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Start page Cultivar: e-magazine about exotic forms of Cactaceae C U L T I V A R
e-Magazine about exotic forms of Cactaceae
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ISSUE 6 (16):

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Keith and Lorraine Thomas,
California, USA

Let us introduce Keith and Lorraine Thomas, California, USA, who like cultivars, crested and monstrose forms and propagate and spread them actively. For the beginning Lorraine sent me about 70 photos of their wonderful plants. Unfortunately there are few photos with the general view of her cacti nursery. I hope she will send some more for the next issue. I have never seen so many such forms of plants gathered in one place.

I'm sure you will estimate her collection at its true worth. We can not place all the photos in this issue of the magazine. All the information concerning the prices and terms of delivery of plants and books you can find on her personal site Pay attention at low prices. All the photos by Lorraine are her copyright.

Photo 1.

Photo 2.
Photo 1 - 2. Ariocarpus retusus monstrose, it is listed also as Ariocarpus retusus var. furfuraceus monstrose. These are grafted plants and do grow faster because of being grafted. When they grow to a very large size, they can be cut from the bottom and callused and then rooted on their own. The normal growth of these plants will have triangle shaped leaves with an aerole on the tips or top of the leaf.

Photo 3.
Photo 3. Astrophytum asterias 'Super Kabuto' Grafted plants are good because they form more offsets and the offsets do grow down low on the plant. If it were not grafted the offsets would come out in the soil and be discolored and not pretty. A plant like this can accumulate 20 or more offsets making it a wondrous sight. The base can be covered with rocks to hide it"

Photo 4.
Photo 4. The Cephalocereus senilis crest is grafted. The growth is faster when grafted and the plant body is kept above the soil. They will continue to grow this way with no problem and eventually fill up the space below the graft joint.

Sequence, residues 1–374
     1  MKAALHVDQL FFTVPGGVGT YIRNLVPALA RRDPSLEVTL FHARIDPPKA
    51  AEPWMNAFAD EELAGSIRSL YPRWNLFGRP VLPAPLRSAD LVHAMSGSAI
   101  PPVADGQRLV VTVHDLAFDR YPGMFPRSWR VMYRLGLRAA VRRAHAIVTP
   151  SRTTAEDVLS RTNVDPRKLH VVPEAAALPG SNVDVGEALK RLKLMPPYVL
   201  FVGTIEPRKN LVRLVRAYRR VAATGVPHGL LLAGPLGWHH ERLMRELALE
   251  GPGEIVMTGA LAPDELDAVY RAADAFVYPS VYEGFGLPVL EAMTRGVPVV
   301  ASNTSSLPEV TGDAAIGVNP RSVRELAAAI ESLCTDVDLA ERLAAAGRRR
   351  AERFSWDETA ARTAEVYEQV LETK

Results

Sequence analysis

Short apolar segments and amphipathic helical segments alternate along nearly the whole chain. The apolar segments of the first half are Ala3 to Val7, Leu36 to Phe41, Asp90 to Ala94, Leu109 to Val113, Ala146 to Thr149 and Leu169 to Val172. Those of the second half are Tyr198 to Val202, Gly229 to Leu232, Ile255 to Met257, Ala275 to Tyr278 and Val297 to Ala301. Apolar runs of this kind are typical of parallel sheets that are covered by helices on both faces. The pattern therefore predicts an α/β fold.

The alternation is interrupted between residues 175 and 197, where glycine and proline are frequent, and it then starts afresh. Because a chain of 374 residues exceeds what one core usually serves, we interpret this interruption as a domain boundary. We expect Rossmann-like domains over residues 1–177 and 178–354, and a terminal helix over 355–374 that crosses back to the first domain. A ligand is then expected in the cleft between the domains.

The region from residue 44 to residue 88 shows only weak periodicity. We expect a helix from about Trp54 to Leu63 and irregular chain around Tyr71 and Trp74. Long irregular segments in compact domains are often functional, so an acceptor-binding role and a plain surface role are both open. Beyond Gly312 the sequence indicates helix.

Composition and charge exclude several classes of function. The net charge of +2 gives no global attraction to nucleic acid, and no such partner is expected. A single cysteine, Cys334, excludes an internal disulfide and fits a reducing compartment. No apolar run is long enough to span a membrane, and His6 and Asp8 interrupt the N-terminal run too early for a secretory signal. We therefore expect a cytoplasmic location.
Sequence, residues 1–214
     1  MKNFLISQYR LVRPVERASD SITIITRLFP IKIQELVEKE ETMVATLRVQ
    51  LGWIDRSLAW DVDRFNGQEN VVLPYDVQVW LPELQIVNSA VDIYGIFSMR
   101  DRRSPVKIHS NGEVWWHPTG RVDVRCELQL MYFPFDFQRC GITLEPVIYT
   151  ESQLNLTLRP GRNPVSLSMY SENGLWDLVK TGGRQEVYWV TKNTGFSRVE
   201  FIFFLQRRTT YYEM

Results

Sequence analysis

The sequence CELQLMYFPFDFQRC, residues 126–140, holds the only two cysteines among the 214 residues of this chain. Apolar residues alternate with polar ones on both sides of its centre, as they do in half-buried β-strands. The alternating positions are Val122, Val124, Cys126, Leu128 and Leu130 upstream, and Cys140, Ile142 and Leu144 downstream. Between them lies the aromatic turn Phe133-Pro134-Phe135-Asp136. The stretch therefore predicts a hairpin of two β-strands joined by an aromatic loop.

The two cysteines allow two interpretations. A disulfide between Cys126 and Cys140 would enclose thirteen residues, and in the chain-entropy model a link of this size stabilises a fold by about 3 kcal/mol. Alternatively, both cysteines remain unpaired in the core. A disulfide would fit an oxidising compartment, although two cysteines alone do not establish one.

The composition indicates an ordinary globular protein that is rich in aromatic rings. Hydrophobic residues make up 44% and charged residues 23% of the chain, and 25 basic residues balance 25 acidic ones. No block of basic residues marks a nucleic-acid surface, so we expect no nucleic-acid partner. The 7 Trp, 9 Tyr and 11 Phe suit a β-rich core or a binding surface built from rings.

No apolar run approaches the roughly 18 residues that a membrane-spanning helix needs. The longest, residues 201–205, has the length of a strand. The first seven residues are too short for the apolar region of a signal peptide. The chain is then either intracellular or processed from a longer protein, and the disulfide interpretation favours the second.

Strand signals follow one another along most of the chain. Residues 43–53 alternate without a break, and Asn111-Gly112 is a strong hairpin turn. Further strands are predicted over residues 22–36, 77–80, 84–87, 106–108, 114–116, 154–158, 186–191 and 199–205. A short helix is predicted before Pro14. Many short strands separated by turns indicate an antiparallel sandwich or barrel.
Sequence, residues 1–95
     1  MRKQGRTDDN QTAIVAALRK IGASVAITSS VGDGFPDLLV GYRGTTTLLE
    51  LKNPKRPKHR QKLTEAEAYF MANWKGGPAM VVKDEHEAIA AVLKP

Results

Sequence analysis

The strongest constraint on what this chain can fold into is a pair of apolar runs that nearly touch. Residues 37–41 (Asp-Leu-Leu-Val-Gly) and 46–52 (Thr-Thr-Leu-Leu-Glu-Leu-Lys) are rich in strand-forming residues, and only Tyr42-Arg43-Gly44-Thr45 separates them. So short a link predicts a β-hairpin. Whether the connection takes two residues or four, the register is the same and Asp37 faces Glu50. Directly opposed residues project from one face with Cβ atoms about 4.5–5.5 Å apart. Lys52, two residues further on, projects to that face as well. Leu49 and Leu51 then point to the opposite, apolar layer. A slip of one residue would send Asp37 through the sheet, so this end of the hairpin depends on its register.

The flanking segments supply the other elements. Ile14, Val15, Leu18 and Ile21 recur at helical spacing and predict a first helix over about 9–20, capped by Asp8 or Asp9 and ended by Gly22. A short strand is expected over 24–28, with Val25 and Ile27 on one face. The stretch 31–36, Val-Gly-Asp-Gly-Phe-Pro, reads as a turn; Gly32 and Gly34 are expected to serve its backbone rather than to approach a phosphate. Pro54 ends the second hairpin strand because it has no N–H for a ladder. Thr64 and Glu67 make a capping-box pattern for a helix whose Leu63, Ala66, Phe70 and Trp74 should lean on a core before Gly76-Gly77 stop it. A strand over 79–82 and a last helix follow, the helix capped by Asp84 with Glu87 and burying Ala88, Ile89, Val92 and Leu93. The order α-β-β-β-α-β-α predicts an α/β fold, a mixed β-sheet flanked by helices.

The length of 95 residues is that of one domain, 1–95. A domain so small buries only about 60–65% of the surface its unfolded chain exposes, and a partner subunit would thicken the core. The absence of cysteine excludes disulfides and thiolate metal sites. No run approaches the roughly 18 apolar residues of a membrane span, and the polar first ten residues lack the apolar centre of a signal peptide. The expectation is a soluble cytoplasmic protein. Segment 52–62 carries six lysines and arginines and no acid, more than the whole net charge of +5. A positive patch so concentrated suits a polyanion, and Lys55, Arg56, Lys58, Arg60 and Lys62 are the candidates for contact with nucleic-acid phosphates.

Photo 5.
Photo 5. Echinocactus grusonii is very fast growing while grafted. The height of the base is good enough to keep the curls from growing into the soil.

Photo 6.

Photo 7.
Photo 6 - 7. 'Fred' Mammillaria bocasana monstrose is a rubbery odd looking fellow. He does some odd things while growing. He wants to have an area with medium to high light and no direct sun. The plant shown is the same, just thought he might like to have a pair of glasses. It is currently about the size of a basketball is wide.

Photo 8.
Photo 8. Gymnocalycium baldianum crest grows in every direction. This one is on it's own roots and is in a area of the greenhouse that is very bright and hot. If grown in shade, it would be more green.

Photo 9.
Photo 9. On the Gymnocalycium mihanovichii nishiki, I bought these at a local store and cut off the root stock, (the base of the graft) and let them root by themselves. If the Gymnocalycium mihonavitchii has any dark green or blackish coloring in the body, they can then grow on by themselves without needing to be grafted. If it is solid red, pink or yellow they will need to be grafted to live.

Photo 10.
Photo 10. The Notocactus horstii variegate is one of my plants that I have had for about 10 years. It is a very pretty plant and flowers just as well as the others of it's species.

Photo 11.
Photo 11. The Mammillaria rhodantha is one of about 8 that I had originally. This one did show a lot more light coloring on one side and almost total dark normal coloring on the opposite side.

Photo 12.
Photo 12. The Ferocactus variegate is a favorite of mine. No, all the variegates and crests and monstrose are my favorites. I think I like them because of their uniqueness. No two are alike.

Photo 12a.
Photo 12a. The little Ferocacatus with the coarse curved spines has a struggle growing right. It doesn't grow well if in too much light and doesn't like it too shady, The white side is hard to keep from dying back. It is still a pretty plant.

Continuation of this material is here.


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